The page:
cur-mud-geon: anyone who hates hypocrisy and pretense and has the temerity to say so; anyone with the habit of pointing out unpleasant facts in an engaging and humorous manner
Public Fire Protection Charges...
I received information from a Germantown resident who has asked that I not use the person's name. I will certainly honor that request. Both name and telephone number were provided. This is not a trustee, by the way.
The Public Fire Protection charge is where the cost of infrastructure/water system capacity to enable fire fighting to occur is assessed to the citizenry. It is also sometimes called a 'hydrant rental charge' according to my source.
This cost has been carried as part of the property tax in Germantown for many years. It is part of the Fire Department budget. The reason that it is on the property tax roles is so that people who are not on the municipal water system, and who, therefore, don't pay for the costs of that system are fairly charged for the fire protection they receive.
Germantown currently has a 2009 budget deficit of something in the range of $900,000. Trustees are wrestling with how and where to find the means to cover this shortfall. I am told that some discussion has been had that would see this hydrant rental charge removed from the fire department budget thus freeing up about $491,000 of expense to the General Fund and shifting it to the water utility alone.
This would make it easy to avoid a "tax increase" or cutbacks even while nearly another half-million dollars was made available to cover wants and needs.
My source has indicated that there are some 5,825 water utility customers each of whom would see an average annual increase of $84 in their water bills.
This would also mean that those citizens not using the water utility for water but still being afforded fire protection would, in essence, not be paying a fair share of fire protection costs. The fire department tankers are filled from hydrants in order that fires outside the water utility coverage area can still be fought. The supply capacity must still be made available, etc.
Citizens must speak their mind on this subject but that is difficult since virtually no one is aware that this approach is being considered as a solution to part of the shortfall.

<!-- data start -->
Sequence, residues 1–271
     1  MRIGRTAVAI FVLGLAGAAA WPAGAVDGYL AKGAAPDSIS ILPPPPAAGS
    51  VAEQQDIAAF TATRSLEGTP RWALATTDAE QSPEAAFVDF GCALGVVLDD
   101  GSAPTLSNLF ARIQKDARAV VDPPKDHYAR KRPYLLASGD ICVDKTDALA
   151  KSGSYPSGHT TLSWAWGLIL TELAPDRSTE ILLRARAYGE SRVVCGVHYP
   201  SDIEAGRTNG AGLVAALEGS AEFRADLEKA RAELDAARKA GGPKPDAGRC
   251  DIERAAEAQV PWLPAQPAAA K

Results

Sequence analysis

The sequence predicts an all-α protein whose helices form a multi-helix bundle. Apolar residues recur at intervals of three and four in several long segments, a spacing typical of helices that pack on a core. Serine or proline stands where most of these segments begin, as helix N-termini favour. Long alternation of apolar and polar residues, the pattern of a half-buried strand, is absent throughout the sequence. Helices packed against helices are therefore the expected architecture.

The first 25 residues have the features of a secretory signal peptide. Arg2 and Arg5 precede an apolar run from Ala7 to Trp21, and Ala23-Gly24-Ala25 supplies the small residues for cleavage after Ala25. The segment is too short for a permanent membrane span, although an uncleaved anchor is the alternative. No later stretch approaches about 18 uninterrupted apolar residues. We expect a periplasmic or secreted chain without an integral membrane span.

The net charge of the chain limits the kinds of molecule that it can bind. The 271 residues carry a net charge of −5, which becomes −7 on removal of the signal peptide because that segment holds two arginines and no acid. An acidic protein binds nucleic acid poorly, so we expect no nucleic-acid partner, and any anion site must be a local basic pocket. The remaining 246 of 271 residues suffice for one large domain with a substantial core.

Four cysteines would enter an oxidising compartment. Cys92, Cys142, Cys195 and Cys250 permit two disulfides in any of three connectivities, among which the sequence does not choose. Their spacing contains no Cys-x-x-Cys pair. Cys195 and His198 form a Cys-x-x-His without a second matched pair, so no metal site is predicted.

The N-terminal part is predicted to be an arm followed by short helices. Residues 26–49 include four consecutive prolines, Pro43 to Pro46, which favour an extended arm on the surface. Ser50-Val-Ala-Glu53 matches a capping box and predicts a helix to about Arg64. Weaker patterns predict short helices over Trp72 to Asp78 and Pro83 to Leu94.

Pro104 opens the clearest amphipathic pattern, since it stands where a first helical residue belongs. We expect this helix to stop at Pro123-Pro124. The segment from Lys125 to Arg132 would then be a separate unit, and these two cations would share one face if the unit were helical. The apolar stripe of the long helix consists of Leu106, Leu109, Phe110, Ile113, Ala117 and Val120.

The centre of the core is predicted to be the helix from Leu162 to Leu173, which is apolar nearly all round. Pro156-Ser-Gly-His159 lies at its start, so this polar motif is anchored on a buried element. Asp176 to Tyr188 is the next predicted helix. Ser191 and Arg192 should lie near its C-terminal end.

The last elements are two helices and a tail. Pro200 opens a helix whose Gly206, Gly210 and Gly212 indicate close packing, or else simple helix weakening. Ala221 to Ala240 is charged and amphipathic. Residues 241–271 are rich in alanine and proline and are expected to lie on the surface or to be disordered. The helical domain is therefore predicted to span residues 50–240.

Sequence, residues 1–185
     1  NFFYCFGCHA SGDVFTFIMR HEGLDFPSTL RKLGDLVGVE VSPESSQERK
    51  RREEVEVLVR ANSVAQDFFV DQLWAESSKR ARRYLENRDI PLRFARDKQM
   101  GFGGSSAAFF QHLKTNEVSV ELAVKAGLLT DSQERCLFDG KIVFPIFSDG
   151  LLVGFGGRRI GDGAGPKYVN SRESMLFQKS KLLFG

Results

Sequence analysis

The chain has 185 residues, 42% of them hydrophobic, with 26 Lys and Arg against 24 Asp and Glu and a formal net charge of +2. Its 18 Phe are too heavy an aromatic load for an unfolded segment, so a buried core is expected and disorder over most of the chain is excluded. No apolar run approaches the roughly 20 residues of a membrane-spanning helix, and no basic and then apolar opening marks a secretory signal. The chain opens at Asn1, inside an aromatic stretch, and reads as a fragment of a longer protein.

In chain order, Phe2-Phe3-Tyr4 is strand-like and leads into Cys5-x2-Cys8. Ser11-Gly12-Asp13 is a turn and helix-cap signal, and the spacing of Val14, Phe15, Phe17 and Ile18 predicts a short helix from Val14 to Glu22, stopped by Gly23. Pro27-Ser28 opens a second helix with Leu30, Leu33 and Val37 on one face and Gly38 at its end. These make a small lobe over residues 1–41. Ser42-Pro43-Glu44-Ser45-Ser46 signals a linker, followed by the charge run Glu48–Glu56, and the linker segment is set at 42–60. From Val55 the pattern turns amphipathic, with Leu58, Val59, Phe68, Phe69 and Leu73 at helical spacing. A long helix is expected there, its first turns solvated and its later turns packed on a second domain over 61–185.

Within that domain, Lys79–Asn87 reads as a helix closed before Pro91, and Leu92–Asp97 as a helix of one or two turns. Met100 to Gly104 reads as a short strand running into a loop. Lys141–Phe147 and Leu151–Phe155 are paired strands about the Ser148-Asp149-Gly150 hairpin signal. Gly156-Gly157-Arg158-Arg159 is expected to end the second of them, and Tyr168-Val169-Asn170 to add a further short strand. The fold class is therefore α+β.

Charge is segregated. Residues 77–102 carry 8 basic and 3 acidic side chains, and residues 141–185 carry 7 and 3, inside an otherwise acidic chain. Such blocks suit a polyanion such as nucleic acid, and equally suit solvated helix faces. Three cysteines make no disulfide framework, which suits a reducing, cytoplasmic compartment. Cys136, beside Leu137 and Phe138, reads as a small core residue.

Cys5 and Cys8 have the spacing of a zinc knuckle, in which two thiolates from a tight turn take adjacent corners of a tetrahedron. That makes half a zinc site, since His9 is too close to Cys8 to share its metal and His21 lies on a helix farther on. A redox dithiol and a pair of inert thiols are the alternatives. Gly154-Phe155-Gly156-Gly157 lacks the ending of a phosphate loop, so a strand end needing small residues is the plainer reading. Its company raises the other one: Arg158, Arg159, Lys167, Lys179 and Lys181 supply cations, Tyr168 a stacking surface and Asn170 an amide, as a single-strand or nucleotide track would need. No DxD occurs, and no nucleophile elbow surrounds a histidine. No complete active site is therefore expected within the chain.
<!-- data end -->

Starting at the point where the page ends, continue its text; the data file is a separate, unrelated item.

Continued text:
This would obviously not be a real solution. Nothing would be cut from the budget to remove the shortfall. We'd simply be playing a bit of a 'shell game' by transferring money from one pocket to another and adversely impacting the residents who live within the water utility's system reach.
I don't believe this is a good public policy approach. The hydrant rental costs have been quite properly spread across all users and should continue to be managed in that manner in my opinion.
We have already been tapping surplus that has been accumulated in certain funds in order to have some money available for known future needs as well as emergency needs that might develop. That 'robbing Peter to pay Paul' approach has already caused some future issues that are not yet fully understood. Someday we'll be paying that bill and we'll be scratching to cover the needs.
Garbage Costs To Become Fees?
Another discussion topic is that of removing garbage pick-up costs from the village budget and making those costs into fees that would be assessed separately on the tax bill.
This is not necessarily a bad idea on the surface if everything is made known to the residents and if the change is done in a fair and equitable manner.
One such thought would be to move to a bi-weekly pick-up of recyclables such as was recently done in Menomonee Falls. I understand that some trustees are exploring that idea and gathering knowledge so that they will be able to propose a reasonable package if anything does come forward.